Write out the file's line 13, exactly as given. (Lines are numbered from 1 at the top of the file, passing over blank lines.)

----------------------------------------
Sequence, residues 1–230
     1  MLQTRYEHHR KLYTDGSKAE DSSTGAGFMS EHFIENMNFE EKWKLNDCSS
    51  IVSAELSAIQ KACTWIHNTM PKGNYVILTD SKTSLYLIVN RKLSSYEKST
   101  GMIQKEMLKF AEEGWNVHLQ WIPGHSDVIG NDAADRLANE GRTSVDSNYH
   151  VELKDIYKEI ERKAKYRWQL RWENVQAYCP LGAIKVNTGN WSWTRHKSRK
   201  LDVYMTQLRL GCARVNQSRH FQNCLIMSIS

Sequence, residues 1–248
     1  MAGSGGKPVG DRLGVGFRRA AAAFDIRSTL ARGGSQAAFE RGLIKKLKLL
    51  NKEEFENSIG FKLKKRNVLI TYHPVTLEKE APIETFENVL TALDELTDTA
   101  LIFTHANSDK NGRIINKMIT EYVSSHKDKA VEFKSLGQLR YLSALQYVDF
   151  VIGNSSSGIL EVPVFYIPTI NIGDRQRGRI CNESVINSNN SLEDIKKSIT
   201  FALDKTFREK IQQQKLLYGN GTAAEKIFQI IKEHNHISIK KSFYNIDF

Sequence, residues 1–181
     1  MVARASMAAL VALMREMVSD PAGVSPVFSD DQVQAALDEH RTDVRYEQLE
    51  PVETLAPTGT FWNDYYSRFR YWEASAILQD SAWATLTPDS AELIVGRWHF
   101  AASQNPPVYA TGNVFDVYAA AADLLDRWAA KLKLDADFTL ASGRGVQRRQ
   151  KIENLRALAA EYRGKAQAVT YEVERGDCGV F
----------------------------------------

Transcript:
Sequence, residues 1–181